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CHINA

Chinese firm in bid to build Swedish railway

A Chinese company has made an offer to build a planned Swedish high-speed railway in record time and at a much lower price than previously estimated, Swedish media has reported.

Chinese firm in bid to build Swedish railway
China Railway Construction's chief engineer Xu Keliang. Photo: News Øresund

Chinese rail company China Railway Construction made the secret offer to build a planned railway between Sweden’s largest cities to the Parliamentary Standing Committee for Transport, SVT reported.

The company has offered to build the railway for 145 billion kronor ($17.11 billion), a significantly lower cost than the 170 billion kronor estimated by the Swedish Transport Administration (Trafikverket).

The firm also says that the railway, which would connect Stockholm with Gothenburg and Malmö, would take just five years to build.

“They claim that they can build the entire Swedish high-speed network in just five years and it's very interesting for us,” the MP Karin Svensson-Smith Chairman of the Parliamentary Committee on Transport told SVT.

“We get to review their claims, but we see that they themselves build their own railways in their own country and in other countries with high-speed.”

The drop in price is down to the fact that the railway would be built on concrete pillars five metres above the ground, a method common in large parts of Asia, especially in China and Japan.

According to railway expert Per Corshammar, there is less financial risk for the state when building railways on bridges whereas railways built on the ground can create long unstable land sections.

Railway construction on bridges also involves less material consumption, virtually no land purchases and less expensive construction techniques.

Next week the Parliamentary Traffic Committee is set to go to China and Japan to study the countries' railways.

“Half the Committee will travel to Japan and half to China to study the high-speed and efficient movement of trains, and there will be a lot of studies on building on bridges, especially in China,” Karin Svensson-Smith said.

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NORWAY

Norway to send 200,000 AstraZeneca doses to Sweden and Iceland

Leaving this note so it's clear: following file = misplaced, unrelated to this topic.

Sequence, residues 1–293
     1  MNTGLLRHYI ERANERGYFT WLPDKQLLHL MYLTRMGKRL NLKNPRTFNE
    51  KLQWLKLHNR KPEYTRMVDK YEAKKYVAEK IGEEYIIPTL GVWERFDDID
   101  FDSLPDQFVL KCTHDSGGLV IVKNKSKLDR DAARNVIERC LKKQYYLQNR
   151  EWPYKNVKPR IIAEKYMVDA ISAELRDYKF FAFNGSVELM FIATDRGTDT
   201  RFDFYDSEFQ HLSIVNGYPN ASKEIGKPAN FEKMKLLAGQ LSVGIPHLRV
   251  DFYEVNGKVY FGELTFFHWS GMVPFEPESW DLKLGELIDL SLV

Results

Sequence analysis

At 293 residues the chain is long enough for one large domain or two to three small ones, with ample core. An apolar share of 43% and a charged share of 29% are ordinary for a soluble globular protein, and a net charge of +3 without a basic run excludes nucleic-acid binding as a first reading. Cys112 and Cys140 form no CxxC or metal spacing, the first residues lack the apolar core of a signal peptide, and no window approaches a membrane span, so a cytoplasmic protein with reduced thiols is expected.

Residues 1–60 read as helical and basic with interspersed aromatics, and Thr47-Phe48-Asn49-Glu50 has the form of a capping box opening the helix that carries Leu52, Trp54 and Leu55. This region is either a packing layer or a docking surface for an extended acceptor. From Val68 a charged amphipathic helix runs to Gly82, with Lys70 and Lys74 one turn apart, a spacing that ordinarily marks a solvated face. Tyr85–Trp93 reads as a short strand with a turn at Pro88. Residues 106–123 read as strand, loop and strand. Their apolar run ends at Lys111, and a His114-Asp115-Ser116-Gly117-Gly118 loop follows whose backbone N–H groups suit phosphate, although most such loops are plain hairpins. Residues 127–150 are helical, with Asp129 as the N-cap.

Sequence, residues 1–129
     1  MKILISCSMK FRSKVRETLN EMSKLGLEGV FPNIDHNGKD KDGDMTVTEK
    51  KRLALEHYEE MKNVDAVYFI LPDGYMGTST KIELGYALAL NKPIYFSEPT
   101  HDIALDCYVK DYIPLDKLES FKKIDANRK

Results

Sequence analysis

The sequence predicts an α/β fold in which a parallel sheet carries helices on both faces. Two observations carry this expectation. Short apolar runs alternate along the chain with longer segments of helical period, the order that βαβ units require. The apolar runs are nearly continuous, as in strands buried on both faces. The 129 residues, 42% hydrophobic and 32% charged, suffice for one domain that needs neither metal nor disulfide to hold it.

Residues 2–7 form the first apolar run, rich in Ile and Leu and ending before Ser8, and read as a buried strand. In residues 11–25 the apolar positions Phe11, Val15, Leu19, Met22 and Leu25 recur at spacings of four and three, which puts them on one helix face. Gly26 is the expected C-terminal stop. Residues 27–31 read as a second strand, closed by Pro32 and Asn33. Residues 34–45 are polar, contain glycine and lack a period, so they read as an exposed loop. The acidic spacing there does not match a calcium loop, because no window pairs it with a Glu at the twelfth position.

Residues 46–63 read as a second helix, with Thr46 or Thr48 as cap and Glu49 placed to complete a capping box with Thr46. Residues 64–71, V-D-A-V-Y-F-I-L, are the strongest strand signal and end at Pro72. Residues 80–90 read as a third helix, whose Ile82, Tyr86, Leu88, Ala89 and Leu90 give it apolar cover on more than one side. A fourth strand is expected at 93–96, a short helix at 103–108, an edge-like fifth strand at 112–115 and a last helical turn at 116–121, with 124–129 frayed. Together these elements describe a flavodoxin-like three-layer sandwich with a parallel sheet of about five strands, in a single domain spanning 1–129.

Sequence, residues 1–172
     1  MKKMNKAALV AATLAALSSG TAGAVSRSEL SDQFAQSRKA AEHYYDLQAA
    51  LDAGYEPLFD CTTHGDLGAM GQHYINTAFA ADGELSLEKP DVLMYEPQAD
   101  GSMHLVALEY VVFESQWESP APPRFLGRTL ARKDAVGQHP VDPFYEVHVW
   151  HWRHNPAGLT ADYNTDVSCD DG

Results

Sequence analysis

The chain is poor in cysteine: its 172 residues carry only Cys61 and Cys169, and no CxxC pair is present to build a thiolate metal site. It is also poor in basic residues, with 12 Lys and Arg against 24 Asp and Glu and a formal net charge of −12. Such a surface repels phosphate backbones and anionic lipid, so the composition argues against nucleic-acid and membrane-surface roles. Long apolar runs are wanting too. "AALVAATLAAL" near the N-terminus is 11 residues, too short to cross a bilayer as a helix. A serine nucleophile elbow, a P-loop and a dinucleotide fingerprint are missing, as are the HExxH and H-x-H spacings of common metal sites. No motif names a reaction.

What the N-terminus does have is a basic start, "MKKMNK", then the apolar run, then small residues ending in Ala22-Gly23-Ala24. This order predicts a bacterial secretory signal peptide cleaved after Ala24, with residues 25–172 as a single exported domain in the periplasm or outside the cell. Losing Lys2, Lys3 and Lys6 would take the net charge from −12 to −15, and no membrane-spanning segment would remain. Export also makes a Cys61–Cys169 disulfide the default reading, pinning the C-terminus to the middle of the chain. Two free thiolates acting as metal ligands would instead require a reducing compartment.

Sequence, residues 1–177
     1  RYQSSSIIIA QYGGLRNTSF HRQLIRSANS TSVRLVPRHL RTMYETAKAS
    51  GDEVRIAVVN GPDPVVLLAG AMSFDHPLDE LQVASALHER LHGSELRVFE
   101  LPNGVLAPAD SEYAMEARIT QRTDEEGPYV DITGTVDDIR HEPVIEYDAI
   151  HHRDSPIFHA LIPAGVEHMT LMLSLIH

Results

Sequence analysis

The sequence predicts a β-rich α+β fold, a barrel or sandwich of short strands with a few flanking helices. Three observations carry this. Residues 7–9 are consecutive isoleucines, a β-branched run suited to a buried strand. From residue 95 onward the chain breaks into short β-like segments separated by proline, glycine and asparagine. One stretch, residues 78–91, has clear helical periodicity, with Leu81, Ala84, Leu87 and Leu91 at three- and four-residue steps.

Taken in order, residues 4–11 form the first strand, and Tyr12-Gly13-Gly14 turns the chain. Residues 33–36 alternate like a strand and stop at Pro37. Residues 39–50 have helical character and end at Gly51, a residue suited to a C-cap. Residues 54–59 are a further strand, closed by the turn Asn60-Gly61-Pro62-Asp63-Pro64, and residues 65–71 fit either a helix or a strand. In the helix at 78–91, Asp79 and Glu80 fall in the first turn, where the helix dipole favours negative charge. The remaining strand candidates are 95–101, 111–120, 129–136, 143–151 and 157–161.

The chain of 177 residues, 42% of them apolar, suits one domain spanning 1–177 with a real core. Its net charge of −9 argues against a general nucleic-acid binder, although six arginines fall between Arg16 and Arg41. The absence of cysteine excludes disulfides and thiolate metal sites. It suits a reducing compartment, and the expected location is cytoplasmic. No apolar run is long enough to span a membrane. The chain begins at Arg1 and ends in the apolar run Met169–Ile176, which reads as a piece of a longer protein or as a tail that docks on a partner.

Norway, which has suspended the use of AstraZeneca's Covid vaccine until further notice, will send 216,000 doses to Sweden and Iceland at their request, the Norwegian health ministry said Thursday.

Norway to send 200,000 AstraZeneca doses to Sweden and Iceland
Empty vials of the AstraZeneca vaccine. (Photo by GABRIEL BOUYS / AFP)

“I’m happy that the vaccines we have in stock can be put to use even if the AstraZeneca vaccine has been paused in Norway,” Health Minister Bent Høie said in a statement.

The 216,000 doses, which are currently stored in Norwegian fridges, have to be used before their expiry dates in June and July.

Sweden will receive 200,000 shots and Iceland 16,000 under the expectation they will return the favour at some point. 

“If we do resume the use of the AstraZeneca vaccine, we will get the doses back as soon as we ask,” Høie said.

Like neighbouring Denmark, Norway suspended the use of the AstraZeneca jab on March 11 in order to examine rare but potentially severe side effects, including blood clots.

Among the 134,000 AstraZeneca shots administered in Norway before the suspension, five cases of severe thrombosis, including three fatal ones, had been registered among relatively young people in otherwise good health. One other person died of a brain haemorrhage.

On April 15, Norway’s government ignored a recommendation from the Institute of Public Health to drop the AstraZeneca jab for good, saying it wanted more time to decide.

READ MORE: Norway delays final decision on withdrawal of AstraZeneca vaccine 

The government has therefore set up a committee of Norwegian and international experts tasked with studying all of the risks linked to the AstraZeneca and Johnson & Johnson vaccines, which is also suspected of causing blood clots.

Both are both based on adenovirus vector technology. Denmark is the only European country to have dropped the AstraZeneca
vaccine from its vaccination campaign, and said on Tuesday it would “lend” 55,000 doses to the neighbouring German state of Schleswig-Holstein.

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